Fix $\ell \in {\mathbb N}^+$ and recall that there exists a finite field ${\mathbb F}_{2^\ell}$ with exactly $2^\ell$ elements. It is easy to find an explicit representation for ${\mathbb F}_{2^\ell}$ — a complete addition and multiplication table, say — in time $2^{O(\ell)}$. (In fact, one can compute within ${\mathbb F}_{2^\ell}$ even in deterministic $\mathrm{poly}(\ell)$ time.) The field elements $x \in {\mathbb F}_{2^\ell}$ are naturally encoded by distinct $\ell$-bit vectors; we will write $\mathrm{enc} : {\mathbb F}_{2^\ell} \to {\mathbb F}_2^\ell$ for this encoding. The encoding is linear; i.e., it satisfies $\mathrm{enc}(0) = (0, \dots, 0)$ and $\mathrm{enc}(x+y) = \mathrm{enc}(x) + \mathrm{enc}(y)$ for all $x, y \in {\mathbb F}_{2^\ell}$.

Theorem 30There is a deterministic algorithm which, given $n \geq 1$ and $0 < \epsilon \leq 1/2$, runs in $\mathrm{poly}(n/\epsilon)$ time and outputs a multiset $A \subseteq {\mathbb F}_2^n$ of cardinality at most $16(n/\epsilon)^2$ with the property that $\varphi_A$ is an $\epsilon$-biased density.

*Proof:* It suffices to obtain cardinality $(n/\epsilon)^2$ under the assumption that $\epsilon = 2^{-t}$ and $n = 2^{\ell – t}$ are integer powers of $2$. We will describe a probability density $\varphi$ on ${\mathbb F}_2^n$ by giving a procedure for drawing a string $\boldsymbol{y} \sim \varphi$ which uses $2\ell$ independent random bits. $A$ will be the multiset of $2^{2\ell} = (n/\epsilon)^2$ possible outcomes for $\boldsymbol{y}$. It will be clear that $A$ can be generated in deterministic polynomial time. The goal will be to show that $\varphi$ is $2^{-t}$-biased.

To draw $\boldsymbol{y} \sim \varphi$, first choose $\boldsymbol{r}, \boldsymbol{s} \sim {\mathbb F}_{2^\ell}$ independently and uniformly. This uses $2\ell$ independent random bits. Then define the $i$th coordinate of $\boldsymbol{y}$ by \[ \boldsymbol{y}_i = \langle \mathrm{enc}(\boldsymbol{r}^i), \mathrm{enc}(\boldsymbol{s}) \rangle, \quad i \in [n], \] where the inner product $\langle \cdot, \cdot \rangle$ takes place in ${\mathbb F}_2^\ell$. Fixing $\gamma \in {\widehat{{\mathbb F}_2^n}} \setminus \{0\}$, we need to argue that $|\mathop{\bf E}[\chi_\gamma(\boldsymbol{y})]| \leq 2^{-t}$. Now over ${\mathbb F}_2^\ell$, \begin{align*} \langle \gamma, \boldsymbol{y} \rangle = \sum_{i=1}^n \gamma_i \langle \mathrm{enc}(\boldsymbol{r}^i), \mathrm{enc}(\boldsymbol{s}) \rangle = \Bigl\langle \sum_{i=1}^n \gamma_i \mathrm{enc}(\boldsymbol{r}^i), \mathrm{enc}(\boldsymbol{s}) \Bigr\rangle = \langle \mathrm{enc}(\mathop{{\textstyle \sum}}_{i=1}^n \gamma_i \boldsymbol{r}^i), \mathrm{enc}(\boldsymbol{s}) \rangle, \end{align*} where the last step used linearity of $\mathrm{enc}$. Thus \begin{equation} \label{eqn:aghp} \mathop{\bf E}[\chi_\gamma(\boldsymbol{y})] = \mathop{\bf E}[(-1)^{\langle \gamma, \boldsymbol{y} \rangle}] = \mathop{\bf E}_{\boldsymbol{r}}\left[\mathop{\bf E}_{\boldsymbol{s}}[(-1)^{\langle \mathrm{enc}(p_\gamma(\boldsymbol{r})), \mathrm{enc}(\boldsymbol{s})\rangle}]\right], \end{equation} where $p_\gamma : {\mathbb F}_{2^\ell} \to {\mathbb F}_{2^\ell}$ is the polynomial $a \mapsto \gamma_1 a + \gamma_2 a^2 + \cdots + \gamma_n a^n$. This polynomial is of degree at most $n$, and is nonzero since $\gamma \neq 0$. Hence it has at most $n$ roots (zeroes) over the field ${\mathbb F}_{2^\ell}$. Whenever $\boldsymbol{r}$ is one of these roots, $\mathrm{enc}(p_\gamma(\boldsymbol{r})) = 0$ and the inner expectation in \eqref{eqn:aghp} is $1$. But whenever $\boldsymbol{r}$ is not a root of $p_\gamma$ we have $\mathrm{enc}(p_\gamma(\boldsymbol{r})) \neq 0$ and so the inner expectation is $0$. We deduce that \[ 0 \leq \mathop{\bf E}[\chi_\gamma(\boldsymbol{y})] \leq \mathop{\bf Pr}[\boldsymbol{r} \text{ is a root of } p_\gamma] \leq \frac{n}{2^\ell} = 2^{-t}, \] which is stronger than what we need. $\Box$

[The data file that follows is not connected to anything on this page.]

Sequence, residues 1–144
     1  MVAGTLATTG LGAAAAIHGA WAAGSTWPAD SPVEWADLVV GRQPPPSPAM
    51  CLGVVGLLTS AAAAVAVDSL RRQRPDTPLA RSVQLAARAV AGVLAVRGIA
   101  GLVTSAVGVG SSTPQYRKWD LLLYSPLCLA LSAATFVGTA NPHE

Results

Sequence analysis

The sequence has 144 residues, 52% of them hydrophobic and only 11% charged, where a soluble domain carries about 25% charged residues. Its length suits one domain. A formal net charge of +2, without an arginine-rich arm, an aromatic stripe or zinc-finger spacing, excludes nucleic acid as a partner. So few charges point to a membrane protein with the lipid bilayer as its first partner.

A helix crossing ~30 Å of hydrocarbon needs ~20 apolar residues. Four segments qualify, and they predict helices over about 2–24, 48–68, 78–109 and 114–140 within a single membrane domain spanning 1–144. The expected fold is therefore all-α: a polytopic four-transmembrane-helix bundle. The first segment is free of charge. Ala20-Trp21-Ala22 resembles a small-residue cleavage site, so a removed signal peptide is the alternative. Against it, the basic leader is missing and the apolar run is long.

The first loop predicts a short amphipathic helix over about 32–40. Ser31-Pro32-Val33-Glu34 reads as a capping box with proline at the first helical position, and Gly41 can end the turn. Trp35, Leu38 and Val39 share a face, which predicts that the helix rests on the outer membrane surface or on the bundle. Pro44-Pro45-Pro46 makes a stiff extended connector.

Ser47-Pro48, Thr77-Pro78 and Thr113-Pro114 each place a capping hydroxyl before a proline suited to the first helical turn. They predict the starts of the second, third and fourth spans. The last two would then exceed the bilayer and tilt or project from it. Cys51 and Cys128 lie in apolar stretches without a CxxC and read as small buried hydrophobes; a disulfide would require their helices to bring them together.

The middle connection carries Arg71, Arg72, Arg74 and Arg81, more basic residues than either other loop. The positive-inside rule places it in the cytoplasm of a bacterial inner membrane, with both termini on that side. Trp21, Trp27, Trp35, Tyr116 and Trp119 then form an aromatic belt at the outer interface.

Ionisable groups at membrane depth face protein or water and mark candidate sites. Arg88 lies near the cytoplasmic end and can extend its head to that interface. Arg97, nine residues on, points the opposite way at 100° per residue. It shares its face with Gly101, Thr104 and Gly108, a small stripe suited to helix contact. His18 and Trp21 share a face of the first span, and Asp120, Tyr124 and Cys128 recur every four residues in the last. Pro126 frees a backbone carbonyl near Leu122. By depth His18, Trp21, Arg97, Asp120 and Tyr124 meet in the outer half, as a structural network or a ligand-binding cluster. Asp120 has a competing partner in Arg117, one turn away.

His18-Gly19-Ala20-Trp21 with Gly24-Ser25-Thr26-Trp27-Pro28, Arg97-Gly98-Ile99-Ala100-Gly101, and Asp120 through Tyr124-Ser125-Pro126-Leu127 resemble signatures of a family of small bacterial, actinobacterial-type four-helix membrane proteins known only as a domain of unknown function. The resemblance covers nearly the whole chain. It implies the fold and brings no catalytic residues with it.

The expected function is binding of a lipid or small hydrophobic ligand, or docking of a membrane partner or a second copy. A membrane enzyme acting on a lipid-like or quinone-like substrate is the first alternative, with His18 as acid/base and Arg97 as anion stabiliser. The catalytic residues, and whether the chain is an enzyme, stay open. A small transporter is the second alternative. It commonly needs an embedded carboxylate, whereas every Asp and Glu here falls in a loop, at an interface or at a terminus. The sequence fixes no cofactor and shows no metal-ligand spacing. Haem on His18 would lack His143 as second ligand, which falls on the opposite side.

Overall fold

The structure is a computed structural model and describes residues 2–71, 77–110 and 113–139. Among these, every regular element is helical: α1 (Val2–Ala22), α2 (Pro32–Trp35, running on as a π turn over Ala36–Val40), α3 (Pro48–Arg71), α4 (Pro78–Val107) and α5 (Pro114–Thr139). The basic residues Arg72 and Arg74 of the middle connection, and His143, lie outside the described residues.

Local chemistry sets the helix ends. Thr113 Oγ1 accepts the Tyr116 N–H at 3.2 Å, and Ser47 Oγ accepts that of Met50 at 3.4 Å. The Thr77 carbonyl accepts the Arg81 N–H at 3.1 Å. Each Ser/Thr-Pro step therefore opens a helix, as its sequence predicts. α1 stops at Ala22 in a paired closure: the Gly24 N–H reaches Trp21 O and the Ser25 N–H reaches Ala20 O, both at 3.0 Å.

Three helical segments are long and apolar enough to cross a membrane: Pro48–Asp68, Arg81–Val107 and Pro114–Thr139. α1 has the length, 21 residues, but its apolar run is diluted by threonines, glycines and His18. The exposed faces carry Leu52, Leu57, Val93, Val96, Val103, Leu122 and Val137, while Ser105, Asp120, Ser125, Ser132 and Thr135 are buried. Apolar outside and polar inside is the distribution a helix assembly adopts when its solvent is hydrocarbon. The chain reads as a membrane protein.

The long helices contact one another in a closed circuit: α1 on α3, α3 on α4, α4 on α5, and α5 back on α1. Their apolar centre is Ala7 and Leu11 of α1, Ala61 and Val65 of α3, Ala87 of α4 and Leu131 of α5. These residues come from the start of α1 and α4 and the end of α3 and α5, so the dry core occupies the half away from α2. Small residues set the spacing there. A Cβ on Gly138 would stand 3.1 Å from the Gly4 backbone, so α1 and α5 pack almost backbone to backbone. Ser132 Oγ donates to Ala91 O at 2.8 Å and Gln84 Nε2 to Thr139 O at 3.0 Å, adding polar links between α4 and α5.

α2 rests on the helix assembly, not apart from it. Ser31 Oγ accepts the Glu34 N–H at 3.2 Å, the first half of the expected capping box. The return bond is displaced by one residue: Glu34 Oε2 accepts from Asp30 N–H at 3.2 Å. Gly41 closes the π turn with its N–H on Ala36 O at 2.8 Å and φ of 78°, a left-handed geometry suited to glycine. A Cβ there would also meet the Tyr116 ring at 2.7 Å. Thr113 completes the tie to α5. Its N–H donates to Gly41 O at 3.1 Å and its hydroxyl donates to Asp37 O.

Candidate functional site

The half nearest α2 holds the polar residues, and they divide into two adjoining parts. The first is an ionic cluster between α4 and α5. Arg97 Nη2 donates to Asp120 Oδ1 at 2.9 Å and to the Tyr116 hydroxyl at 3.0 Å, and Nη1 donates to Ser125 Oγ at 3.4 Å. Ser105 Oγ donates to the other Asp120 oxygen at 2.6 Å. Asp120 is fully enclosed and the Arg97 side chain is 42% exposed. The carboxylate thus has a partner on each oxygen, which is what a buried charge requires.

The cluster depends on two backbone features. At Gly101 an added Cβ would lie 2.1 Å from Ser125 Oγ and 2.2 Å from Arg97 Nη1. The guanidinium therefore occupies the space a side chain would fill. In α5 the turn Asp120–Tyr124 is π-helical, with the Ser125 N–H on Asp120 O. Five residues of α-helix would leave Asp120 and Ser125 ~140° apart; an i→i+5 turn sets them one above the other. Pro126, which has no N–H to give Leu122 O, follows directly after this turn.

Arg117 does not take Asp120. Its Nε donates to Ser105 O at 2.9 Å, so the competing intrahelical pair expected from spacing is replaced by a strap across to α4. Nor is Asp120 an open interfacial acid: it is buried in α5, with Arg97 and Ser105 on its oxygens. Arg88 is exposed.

The bound of $O(n/\epsilon)^2$ in this theorem is fairly close to being optimally small; see the exercises and notes for this chapter.

Another useful tool in derandomization is that of $k$-wise independent distributions. Sometimes a randomized algorithm using $n$ independent random bits will still work assuming only that every subset of $k$ of the bits is independent. Thus as with $\epsilon$-biased sets, it’s worthwhile to come up with deterministic constructions of small sets $A \subset {\mathbb F}_2^n$ such that the density function $\varphi_A$ is $k$-wise independent (i.e., $(0, k)$-regular). The best known examples have the additional pleasant feature that $A$ is a linear subspace of ${\mathbb F}_2^n$; in this case, $k$-wise independence is easy to characterize: